Academic journal article International Journal of Child Health and Human Development

Identifying Undiagnosed Adults with Rett Syndrome: Procedure and Clinical Implications

Academic journal article International Journal of Child Health and Human Development

Identifying Undiagnosed Adults with Rett Syndrome: Procedure and Clinical Implications

Article excerpt


Rett Syndrome (RTT) is a complex neurological disorder resulting from a genetic fault (1) that occurs mostly in females and affects them throughout their lives. The syndrome is named after an Austrian physician, Andreas Rett (1924-1997), who was the first to identify the syndrome in 1966 (2). Since the discovery of the genetic cause for RTT (3), genetic diagnosis of RTT is found positive in 95% of individuals showing the classical clinical characteristics and in 75% of individuals showing a-typical characteristics of RTT (4). Despite the high specificity and sensitivity regarding genetic diagnosis, clinicians still rely primarily on a clinical diagnosis. This is characterized by a specific developmental profde and certain clinical diagnostic criteria that rely on descriptive criteria first suggested by Professor Bengt Hagberg and Dr. Witt Engerstrom (5) and later adjusted (6,7) are as follows:

Classical RTT inclusion criteria

* Apparently normal prenatal and perinatal history

* Psychomotor development normal during the first 6 months (may be delayed from birth)

* Normal head circumference at birth

* Postnatal deceleration of head growth (most individuals)

* Loss of purposeful hand skills between 0.5-2.5 years

* Stereotypic hand movements

* Evolving social withdrawal, communication dysfunction, loss of acquired speech, cognitive impairment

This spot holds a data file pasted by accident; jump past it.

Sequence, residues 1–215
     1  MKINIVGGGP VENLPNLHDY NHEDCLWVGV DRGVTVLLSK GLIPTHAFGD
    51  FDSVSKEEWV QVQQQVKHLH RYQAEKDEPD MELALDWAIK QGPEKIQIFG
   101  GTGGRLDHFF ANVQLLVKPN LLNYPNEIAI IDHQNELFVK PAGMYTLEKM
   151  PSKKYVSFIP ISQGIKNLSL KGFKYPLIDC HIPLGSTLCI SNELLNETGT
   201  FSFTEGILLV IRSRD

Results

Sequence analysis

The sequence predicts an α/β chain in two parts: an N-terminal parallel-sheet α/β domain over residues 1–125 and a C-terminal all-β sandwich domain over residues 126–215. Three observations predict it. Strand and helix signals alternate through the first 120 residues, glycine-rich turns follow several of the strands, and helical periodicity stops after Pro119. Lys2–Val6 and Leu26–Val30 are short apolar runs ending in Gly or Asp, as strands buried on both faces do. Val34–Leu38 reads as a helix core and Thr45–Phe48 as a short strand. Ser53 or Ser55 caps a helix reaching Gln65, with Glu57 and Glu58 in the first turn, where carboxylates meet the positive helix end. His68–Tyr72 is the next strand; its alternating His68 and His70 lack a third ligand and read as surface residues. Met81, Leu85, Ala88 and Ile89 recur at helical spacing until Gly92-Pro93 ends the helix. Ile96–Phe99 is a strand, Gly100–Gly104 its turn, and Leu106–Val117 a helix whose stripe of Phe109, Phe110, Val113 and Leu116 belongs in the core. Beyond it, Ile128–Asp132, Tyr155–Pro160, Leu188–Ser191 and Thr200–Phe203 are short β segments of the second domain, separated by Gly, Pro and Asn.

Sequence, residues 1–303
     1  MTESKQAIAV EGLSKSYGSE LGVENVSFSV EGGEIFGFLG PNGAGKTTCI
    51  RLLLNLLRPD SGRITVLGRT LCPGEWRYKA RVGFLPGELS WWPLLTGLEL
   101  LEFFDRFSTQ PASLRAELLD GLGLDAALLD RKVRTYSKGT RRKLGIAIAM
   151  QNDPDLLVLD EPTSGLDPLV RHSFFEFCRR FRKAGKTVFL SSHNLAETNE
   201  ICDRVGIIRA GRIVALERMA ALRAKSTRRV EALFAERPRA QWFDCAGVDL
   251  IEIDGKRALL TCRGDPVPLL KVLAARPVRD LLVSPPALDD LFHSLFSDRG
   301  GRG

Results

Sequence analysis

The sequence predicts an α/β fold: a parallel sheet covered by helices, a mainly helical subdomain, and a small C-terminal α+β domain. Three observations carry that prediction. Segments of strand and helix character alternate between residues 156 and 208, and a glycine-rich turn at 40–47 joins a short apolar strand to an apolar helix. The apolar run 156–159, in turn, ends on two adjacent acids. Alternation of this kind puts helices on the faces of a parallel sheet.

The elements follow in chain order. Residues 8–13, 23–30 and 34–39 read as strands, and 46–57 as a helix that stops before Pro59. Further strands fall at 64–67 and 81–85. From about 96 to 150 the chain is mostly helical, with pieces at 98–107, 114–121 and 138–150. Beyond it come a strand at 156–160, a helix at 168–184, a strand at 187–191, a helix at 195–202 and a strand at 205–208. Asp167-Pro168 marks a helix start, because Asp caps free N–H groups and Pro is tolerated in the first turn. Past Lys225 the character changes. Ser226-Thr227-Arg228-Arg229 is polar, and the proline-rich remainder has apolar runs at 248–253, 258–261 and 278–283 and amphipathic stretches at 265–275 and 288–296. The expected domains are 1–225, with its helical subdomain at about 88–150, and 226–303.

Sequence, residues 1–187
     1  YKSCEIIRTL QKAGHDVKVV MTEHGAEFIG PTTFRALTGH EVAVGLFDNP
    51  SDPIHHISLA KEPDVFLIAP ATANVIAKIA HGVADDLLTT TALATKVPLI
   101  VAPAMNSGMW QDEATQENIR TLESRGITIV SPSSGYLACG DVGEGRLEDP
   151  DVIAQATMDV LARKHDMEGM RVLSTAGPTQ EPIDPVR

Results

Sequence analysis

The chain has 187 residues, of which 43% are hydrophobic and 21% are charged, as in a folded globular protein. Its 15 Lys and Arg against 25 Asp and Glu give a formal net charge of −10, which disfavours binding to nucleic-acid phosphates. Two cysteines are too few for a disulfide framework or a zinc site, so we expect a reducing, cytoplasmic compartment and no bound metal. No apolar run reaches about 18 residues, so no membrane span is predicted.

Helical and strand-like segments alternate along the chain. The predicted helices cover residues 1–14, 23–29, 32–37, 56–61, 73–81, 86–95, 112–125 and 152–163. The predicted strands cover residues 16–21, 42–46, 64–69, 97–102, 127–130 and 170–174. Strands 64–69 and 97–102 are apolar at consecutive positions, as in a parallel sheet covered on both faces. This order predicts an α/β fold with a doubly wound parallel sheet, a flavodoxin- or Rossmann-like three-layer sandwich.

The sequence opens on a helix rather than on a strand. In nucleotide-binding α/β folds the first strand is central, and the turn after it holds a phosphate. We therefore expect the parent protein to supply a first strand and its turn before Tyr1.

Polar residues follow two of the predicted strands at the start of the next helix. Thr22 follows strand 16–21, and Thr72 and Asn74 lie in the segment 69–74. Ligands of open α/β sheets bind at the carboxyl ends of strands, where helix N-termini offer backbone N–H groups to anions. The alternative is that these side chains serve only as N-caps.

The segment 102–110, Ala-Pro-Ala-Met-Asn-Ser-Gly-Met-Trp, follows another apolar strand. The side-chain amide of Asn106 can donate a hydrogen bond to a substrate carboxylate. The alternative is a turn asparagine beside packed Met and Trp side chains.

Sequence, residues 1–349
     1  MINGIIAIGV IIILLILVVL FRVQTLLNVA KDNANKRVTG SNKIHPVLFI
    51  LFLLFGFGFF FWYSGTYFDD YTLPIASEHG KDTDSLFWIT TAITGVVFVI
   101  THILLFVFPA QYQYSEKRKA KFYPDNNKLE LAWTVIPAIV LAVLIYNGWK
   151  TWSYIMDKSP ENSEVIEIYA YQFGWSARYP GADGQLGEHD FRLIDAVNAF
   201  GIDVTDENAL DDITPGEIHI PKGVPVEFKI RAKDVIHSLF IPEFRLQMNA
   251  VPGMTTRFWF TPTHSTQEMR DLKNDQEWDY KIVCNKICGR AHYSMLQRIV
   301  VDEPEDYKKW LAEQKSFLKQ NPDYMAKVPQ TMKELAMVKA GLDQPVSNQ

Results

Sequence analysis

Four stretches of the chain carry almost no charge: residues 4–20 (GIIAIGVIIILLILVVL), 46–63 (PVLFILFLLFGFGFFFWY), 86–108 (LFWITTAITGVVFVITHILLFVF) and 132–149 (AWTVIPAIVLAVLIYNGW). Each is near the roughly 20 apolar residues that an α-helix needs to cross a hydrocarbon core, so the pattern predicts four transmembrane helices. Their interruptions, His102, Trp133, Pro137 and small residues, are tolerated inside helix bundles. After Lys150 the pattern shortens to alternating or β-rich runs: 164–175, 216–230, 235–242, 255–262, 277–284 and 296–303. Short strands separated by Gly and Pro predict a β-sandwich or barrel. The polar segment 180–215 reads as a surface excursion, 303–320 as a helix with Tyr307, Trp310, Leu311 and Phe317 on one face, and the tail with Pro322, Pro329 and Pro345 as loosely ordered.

* Impaired or deteriorating locomotion

The first three clinical criteria may not be applicable to severely affected females; other criteria will not apply to those who are mildly affected and are only identified due to positive findings of mutations in MECP2.

Supportive criteria

* Breathing disturbances while awake

* Bruxism

* Impaired sleeping pattem from early infancy

* Abnormal muscle tone accompanied by muscle wasting and dystonia

* Peripheral vasomotor disturbances

* Progressive scoliosis or kyphosis

* Growth retardation

* Hypotrophie small and cold feet and/or hands

Exclusion criteria

* Organomegaly or other evidence of a storage disorder

* Retinopathy, cataract, or optic atrophy

* History of perinatal or postnatal brain damage

* Identifiable inborn error of metabolism

* Neurodegenerativo disorder

* Acquired neurological disorder due to severe infection or head trauma

Due to the fact that Rett syndrome first became known to the western medical community 25 years ago with the publication of an article by Hagberg et al (8), most individuals diagnosed with RTT are usually under that age (see figure 1).

According to figure 1, many adolescents above the age 16 years and most women above the age 25 years diagnosed with RTT (with the black thin line representing the expected number of individuals with RTT for each period of 5 years in relation to population in the country around those years) are practically non-existing.

The life expectancy of individuals with RTT is unknown since the disorder is only known since 1983 (8), but estimated at around 49 years (9). Such longevity and the specific educational\therapeutic needs of individuals with RTT necessitate appropriate multi-professional intervention. Recent findings by different groups of researchers suggest that an intense intervention can improve the longevity as well as function and health in mice with RTT (10,11). Moreover, we know that appropriate support can enhance function in these individuals (12,13), suggesting that similar intervention with individuals diagnosed with this disorder will enhance the quality of life of the person with RTT and her family (14). Therefore, identifying adults with this disorder will enable enhanced intervention strategies, thereby improving their function and longevity.

Possible benefits of the present investigation

Despite the fact that adults with RTT have rarely been studied and when taking into account the many needs of adults with RTT, we speculate that clinicians should take into account the following aspects:

1. …

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